When I was a child growing up in South Africa, Christmas meant summer holidays, a big glorious lunch feast at grandpa’s house, and piles of presents, many of which read: “Dear Taryn, Merry Christmas! Love Father Christmas.”
Well, he was the reason for the season, but in that “thanks for the excuse to indulge” kind of way. It was dashingly disappointing to 8-year-old me when my classmate announced that Santa was not real. Christmas lost its shine.
But Jesus didn’t. I grew to a deeper sense of what the gift of his birth meant and by the time I was in my early twenties, I was blessed to discover, through an excellent Bible study, that Jesus wasn’t confined to the pages of the New Testament, but that His Story began in Genesis and threaded its way right through the entire Bible.
After my own children came along, I longed to give them joyful Christmas traditions that were true and lasting
Not long after, my own children came along and my childhood memories of Christmas resurfaced. I longed to give them joyful Christmas traditions that were true and lasting: traditions that would remind us again and again of the gift of Jesus from Genesis to Revelation. And so, 15 years ago, our advent calendar was born: every day focusing on a part of the Jesus story: from creation to Jesus’ return. Revisiting this Bible overview every year has been a joy that my 17-year-old still enjoys, and has my 15-year-old already claiming dibs on inheriting the giant cloth calendar!
I had these things in mind as I recently approached a new family devotional called: A Jesus Christmas: Explore God’s Amazing Plan for Christmas. The author, Barbara Reaoch is Bible Study Fellowship’s Director of the Children’s Division, and author of two other books (Why Christmas? and Why Easter?). Knowing her heart for the gospel, I was excited to see what the book entailed.
I have not been disappointed. Barbara has created a beautiful family devotional that is inclusive of all ages. Starting on December 1st and ending on Christmas day, this book follows a clear Bible overview, focusing on God’s plan through Jesus from Genesis to John. Each day includes four sections: Explore, Explain, Engage, Enter In.
- Explore:a small chunk of Scripture with a couple of clear questions unpacking the essence of the text.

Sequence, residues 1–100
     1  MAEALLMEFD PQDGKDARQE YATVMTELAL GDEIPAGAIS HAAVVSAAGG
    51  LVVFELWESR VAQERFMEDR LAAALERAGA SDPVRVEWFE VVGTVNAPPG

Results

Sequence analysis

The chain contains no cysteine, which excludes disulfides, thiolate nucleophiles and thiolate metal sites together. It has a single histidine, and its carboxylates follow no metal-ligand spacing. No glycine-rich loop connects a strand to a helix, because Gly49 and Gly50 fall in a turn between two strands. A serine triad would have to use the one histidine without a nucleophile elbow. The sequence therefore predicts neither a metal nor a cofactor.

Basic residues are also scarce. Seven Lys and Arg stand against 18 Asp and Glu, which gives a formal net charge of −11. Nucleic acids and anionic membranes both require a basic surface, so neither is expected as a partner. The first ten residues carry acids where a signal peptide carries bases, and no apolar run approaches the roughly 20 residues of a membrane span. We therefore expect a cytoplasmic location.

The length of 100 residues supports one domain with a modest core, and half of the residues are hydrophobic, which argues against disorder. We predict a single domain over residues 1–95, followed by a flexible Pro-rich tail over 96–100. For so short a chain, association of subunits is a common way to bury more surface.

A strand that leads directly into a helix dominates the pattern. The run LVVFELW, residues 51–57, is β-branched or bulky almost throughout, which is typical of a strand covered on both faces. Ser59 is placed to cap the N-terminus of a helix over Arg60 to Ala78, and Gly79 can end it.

- Explain:a clear explanation summarising the text and how it points to Jesus.
- Engage:two more questions, aimed at older children, encourages them to see how Jesus intersects with their lives and stimulates deeper discussion.
- Enter in:an opportunity to pray with a clear, short prayer that draws from what was learned that day.
Space is provided to write answers and a full page per day is devoted to a drawing or journaling space, with a large “Jesus Is …” statement that reflects the essence of the day’s lesson. Families are encouraged to use the space to respond to what God has taught them that day. For kids who may need some encouragement, a few ideas are jotted down at the bottom of the page.
While we have not used this section of the journal, I can see that it could be a wonderful way of reinforcing what was learned and give children a chance to contribute devotional keepsakes for future years. Having four kids of my own, I can envision some squabbling over who gets to draw each day(!) Alternatively, it may be worth asking the publisher about copying off the journal pages for each child to enjoy every day—and maybe even create a picture book for the family after Christmas.
As I have been working through this devotional with my children (ranging from 11 to 17), I have really enjoyed the way Barbara highlights specific connections between the Old and the New Testament. On December 4th, for example, Jacob’s dream of the stairway is paired with “Jesus is the stairway” for the “Jesus Is …” statement. This generated a lovely discussion in our family as we contemplated how amazing it is that it is God who reached out to the most unlikely of characters in Jacob, and how he reaches out to us with his incredible grace through Jesus.
For folk who may be unfamiliar with this style of devotional material, Barbara has included a “Before you Start” section, clearly outlining how to engage with the material. She includes explanations of useful Bible words and a web link to the answers. This, I think, is invaluable—especially for parents who are new to the Christian faith and who are learning alongside their children.
I would recommend this to all families who want to gather around God’s Word this Christmas season with the view to keep Jesus front and centre.
The Jesus Christmas is available through most leading bookstores or direct from The Good Book Company. We also have one copy to give away. Stay tuned to the next episode of The Lydia Project project—Episode 38: Sue Duke to find how you can enter to win this book.